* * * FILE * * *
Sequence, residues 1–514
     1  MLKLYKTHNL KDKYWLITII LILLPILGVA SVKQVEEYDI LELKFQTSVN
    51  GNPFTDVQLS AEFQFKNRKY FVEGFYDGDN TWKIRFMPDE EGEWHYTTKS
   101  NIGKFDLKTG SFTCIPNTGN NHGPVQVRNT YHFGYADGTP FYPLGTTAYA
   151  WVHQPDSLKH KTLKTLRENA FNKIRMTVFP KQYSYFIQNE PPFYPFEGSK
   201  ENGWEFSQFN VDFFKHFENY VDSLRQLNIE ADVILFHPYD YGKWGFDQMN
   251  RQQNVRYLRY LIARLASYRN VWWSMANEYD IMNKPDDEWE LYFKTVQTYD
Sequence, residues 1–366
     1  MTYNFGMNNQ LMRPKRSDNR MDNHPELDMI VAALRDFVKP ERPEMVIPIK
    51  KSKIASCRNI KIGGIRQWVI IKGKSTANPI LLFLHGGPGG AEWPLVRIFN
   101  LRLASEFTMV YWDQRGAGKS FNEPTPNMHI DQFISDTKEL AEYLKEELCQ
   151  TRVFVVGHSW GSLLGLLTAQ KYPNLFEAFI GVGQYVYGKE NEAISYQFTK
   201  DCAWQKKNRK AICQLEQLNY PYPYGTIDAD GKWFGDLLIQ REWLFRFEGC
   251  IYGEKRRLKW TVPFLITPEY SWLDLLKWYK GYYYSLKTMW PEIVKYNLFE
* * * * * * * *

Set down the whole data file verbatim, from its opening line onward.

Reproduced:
Sequence, residues 1–514
     1  MLKLYKTHNL KDKYWLITII LILLPILGVA SVKQVEEYDI LELKFQTSVN
    51  GNPFTDVQLS AEFQFKNRKY FVEGFYDGDN TWKIRFMPDE EGEWHYTTKS
   101  NIGKFDLKTG SFTCIPNTGN NHGPVQVRNT YHFGYADGTP FYPLGTTAYA
   151  WVHQPDSLKH KTLKTLRENA FNKIRMTVFP KQYSYFIQNE PPFYPFEGSK
   201  ENGWEFSQFN VDFFKHFENY VDSLRQLNIE ADVILFHPYD YGKWGFDQMN
   251  RQQNVRYLRY LIARLASYRN VWWSMANEYD IMNKPDDEWE LYFKTVQTYD
Sequence, residues 1–366
     1  MTYNFGMNNQ LMRPKRSDNR MDNHPELDMI VAALRDFVKP ERPEMVIPIK
    51  KSKIASCRNI KIGGIRQWVI IKGKSTANPI LLFLHGGPGG AEWPLVRIFN
   101  LRLASEFTMV YWDQRGAGKS FNEPTPNMHI DQFISDTKEL AEYLKEELCQ
   151  TRVFVVGHSW GSLLGLLTAQ KYPNLFEAFI GVGQYVYGKE NEAISYQFTK
   201  DCAWQKKNRK AICQLEQLNY PYPYGTIDAD GKWFGDLLIQ REWLFRFEGC
   251  IYGEKRRLKW TVPFLITPEY SWLDLLKWYK GYYYSLKTMW PEIVKYNLFE